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Soldiers’ families dig for the truth

This article is over 18 years, 1 months old
A DELEGATION of nine relatives of US soldiers has gone to Iraq to find out what is going on for themselves.
Issue 1881

A DELEGATION of nine relatives of US soldiers has gone to Iraq to find out what is going on for themselves.

‘We haven’t been getting the full story in the US,’ said Michael Lopercio, the 54 year old father of a US soldier. ‘The media is covering events-shootings and bombings-but not the issues. They are not covering what is really happening to Iraqi people and to the Iraqi infrastructure.’

Michael says right wing radio talk shows laid into his wife, who is a social worker, after she gave interviews about his visit to Iraq.

Billy Kelly, another member of the group, is a retired barman from New York who fought in the Vietnam War. He said, ‘There’s not a day goes by when I don’t think about what happened there 35 years ago.’ He suspects that Iraq has a lot of similarities with Vietnam.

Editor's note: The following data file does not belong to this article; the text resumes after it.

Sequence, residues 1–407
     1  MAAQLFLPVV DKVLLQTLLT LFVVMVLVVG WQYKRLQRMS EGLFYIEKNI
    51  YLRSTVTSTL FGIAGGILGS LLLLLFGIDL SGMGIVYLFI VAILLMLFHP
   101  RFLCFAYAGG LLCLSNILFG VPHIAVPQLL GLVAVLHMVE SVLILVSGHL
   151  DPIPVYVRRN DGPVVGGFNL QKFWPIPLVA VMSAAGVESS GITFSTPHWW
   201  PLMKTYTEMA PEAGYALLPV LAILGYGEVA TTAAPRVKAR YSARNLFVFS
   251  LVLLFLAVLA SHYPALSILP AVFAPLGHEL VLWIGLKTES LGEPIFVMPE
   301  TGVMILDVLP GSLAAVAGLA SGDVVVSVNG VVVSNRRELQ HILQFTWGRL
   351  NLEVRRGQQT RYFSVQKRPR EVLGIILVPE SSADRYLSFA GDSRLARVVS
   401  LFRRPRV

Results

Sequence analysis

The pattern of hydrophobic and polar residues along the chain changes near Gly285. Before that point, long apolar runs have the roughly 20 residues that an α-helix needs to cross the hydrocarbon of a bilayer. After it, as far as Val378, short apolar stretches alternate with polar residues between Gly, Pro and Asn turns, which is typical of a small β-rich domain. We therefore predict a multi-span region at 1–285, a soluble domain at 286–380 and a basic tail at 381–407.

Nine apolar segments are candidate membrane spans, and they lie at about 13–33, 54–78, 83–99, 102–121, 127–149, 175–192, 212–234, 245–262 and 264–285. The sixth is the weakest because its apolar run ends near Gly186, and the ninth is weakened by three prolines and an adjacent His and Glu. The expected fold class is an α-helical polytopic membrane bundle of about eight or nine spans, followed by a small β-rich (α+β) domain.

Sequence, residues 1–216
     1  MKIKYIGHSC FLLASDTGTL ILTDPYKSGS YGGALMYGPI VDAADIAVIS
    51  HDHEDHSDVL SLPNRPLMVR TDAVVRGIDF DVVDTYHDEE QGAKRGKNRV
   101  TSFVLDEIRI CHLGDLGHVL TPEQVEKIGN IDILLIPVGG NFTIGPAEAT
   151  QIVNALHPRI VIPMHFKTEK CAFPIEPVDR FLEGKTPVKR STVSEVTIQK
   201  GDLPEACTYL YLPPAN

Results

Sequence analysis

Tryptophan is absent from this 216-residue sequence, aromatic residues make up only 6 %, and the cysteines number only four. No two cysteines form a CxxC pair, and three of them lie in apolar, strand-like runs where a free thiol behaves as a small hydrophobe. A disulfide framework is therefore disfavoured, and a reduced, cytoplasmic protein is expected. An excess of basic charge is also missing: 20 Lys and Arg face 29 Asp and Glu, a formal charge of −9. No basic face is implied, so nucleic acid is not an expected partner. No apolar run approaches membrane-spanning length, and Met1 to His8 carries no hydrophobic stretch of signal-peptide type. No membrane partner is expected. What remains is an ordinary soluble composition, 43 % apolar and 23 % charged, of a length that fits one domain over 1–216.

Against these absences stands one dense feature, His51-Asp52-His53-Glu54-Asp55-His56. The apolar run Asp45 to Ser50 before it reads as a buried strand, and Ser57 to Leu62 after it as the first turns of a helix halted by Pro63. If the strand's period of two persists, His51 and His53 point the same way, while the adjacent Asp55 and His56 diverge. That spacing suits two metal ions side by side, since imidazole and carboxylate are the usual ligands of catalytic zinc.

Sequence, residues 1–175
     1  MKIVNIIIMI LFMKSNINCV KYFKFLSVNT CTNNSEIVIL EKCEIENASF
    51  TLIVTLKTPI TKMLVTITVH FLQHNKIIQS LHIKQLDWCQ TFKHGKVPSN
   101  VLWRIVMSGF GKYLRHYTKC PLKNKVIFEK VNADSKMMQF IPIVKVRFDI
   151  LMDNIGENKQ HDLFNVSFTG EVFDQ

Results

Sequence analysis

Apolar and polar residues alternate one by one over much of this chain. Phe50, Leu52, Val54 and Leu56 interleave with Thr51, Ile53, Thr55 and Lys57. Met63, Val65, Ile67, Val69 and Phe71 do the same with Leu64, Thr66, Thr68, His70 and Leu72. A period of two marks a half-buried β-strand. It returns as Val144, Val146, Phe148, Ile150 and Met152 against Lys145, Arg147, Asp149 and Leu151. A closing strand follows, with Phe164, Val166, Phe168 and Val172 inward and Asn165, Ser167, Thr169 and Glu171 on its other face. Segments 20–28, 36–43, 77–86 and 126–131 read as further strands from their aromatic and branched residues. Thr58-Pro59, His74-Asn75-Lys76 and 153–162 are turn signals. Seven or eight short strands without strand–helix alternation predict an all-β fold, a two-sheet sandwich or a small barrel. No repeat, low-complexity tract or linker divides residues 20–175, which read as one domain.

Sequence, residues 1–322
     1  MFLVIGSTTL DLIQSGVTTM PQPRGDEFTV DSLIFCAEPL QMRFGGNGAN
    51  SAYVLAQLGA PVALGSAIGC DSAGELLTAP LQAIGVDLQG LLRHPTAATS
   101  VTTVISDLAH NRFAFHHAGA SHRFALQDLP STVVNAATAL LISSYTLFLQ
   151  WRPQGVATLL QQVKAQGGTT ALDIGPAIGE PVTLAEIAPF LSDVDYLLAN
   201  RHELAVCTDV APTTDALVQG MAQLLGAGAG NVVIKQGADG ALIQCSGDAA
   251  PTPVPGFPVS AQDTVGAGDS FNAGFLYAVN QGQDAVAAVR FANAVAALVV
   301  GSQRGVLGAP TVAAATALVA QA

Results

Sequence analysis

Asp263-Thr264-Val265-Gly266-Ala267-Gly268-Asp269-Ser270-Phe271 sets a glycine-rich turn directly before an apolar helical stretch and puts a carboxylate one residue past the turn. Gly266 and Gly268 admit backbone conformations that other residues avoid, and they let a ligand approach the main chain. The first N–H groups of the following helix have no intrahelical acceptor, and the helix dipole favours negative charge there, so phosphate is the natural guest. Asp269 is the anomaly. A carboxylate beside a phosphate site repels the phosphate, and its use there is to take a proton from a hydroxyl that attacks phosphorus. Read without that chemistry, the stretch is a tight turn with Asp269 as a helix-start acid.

Fernando Suarez del Solar knows his son was killed by a US cluster bomb. He has become an outspoken critic of Bush’s war and demands the immediate withdrawal of US troops.


US gunfight fans the flames

ONE WEEK after the US fought a pitched battle in the Iraqi town of Samarra, in which it claimed it killed 54 guerrillas, hostility to the US is unabated.

One of the high ranking police officers at Samarra’s headquarters has claimed that everyone in Samarra is now opposed to the US occupation. At the only remaining US military compound in the city US soldiers refused to leave their bunkers last Sunday, saying, ‘It’s dangerous here! Go away!’

The US-paid Iraqi Civil Defence Corps won’t go near the city after one of them was shot dead by mourners on a funeral procession for a victim of the US shoot-out.


Bush crony wins $1 billion jackpot

GUESS WHO’S been handed $1 billion worth of reconstruction work in Iraq by the US government?

Halliburton, the engineering firm, which used to be run by US vice-president Dick Cheney, is in the money because of delays in opening up a key contract to competition.

‘Since August when the follow-on contracts were supposed to be awarded, the administration has obligated more than $1 billion to Halliburton under the oil infrastructure contract,’ said US Democrat congressman Henry Waxman. ‘These inexplicable delays may be good for Halliburton-they are costing the taxpayers a bundle.’

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